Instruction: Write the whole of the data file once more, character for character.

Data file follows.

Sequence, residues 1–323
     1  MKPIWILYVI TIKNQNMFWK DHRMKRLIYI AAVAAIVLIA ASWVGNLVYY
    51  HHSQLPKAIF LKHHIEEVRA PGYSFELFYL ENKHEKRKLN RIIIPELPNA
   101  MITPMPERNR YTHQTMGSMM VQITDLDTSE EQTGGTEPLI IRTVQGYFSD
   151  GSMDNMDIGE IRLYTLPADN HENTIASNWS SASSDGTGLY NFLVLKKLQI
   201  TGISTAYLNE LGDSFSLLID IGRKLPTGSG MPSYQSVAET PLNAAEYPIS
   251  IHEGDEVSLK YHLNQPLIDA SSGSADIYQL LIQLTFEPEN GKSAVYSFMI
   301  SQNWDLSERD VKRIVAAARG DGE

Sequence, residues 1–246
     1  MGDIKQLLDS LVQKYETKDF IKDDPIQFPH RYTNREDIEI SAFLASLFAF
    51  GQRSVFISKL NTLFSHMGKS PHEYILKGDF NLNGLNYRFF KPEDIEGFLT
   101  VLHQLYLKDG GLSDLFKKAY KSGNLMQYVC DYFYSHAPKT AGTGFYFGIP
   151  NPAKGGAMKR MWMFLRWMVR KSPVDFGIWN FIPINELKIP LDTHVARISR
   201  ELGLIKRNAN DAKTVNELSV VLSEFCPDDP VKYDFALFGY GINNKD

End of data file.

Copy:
Sequence, residues 1–323
     1  MKPIWILYVI TIKNQNMFWK DHRMKRLIYI AAVAAIVLIA ASWVGNLVYY
    51  HHSQLPKAIF LKHHIEEVRA PGYSFELFYL ENKHEKRKLN RIIIPELPNA
   101  MITPMPERNR YTHQTMGSMM VQITDLDTSE EQTGGTEPLI IRTVQGYFSD
   151  GSMDNMDIGE IRLYTLPADN HENTIASNWS SASSDGTGLY NFLVLKKLQI
   201  TGISTAYLNE LGDSFSLLID IGRKLPTGSG MPSYQSVAET PLNAAEYPIS
   251  IHEGDEVSLK YHLNQPLIDA SSGSADIYQL LIQLTFEPEN GKSAVYSFMI
   301  SQNWDLSERD VKRIVAAARG DGE

Sequence, residues 1–246
     1  MGDIKQLLDS LVQKYETKDF IKDDPIQFPH RYTNREDIEI SAFLASLFAF
    51  GQRSVFISKL NTLFSHMGKS PHEYILKGDF NLNGLNYRFF KPEDIEGFLT
   101  VLHQLYLKDG GLSDLFKKAY KSGNLMQYVC DYFYSHAPKT AGTGFYFGIP
   151  NPAKGGAMKR MWMFLRWMVR KSPVDFGIWN FIPINELKIP LDTHVARISR
   201  ELGLIKRNAN DAKTVNELSV VLSEFCPDDP VKYDFALFGY GINNKD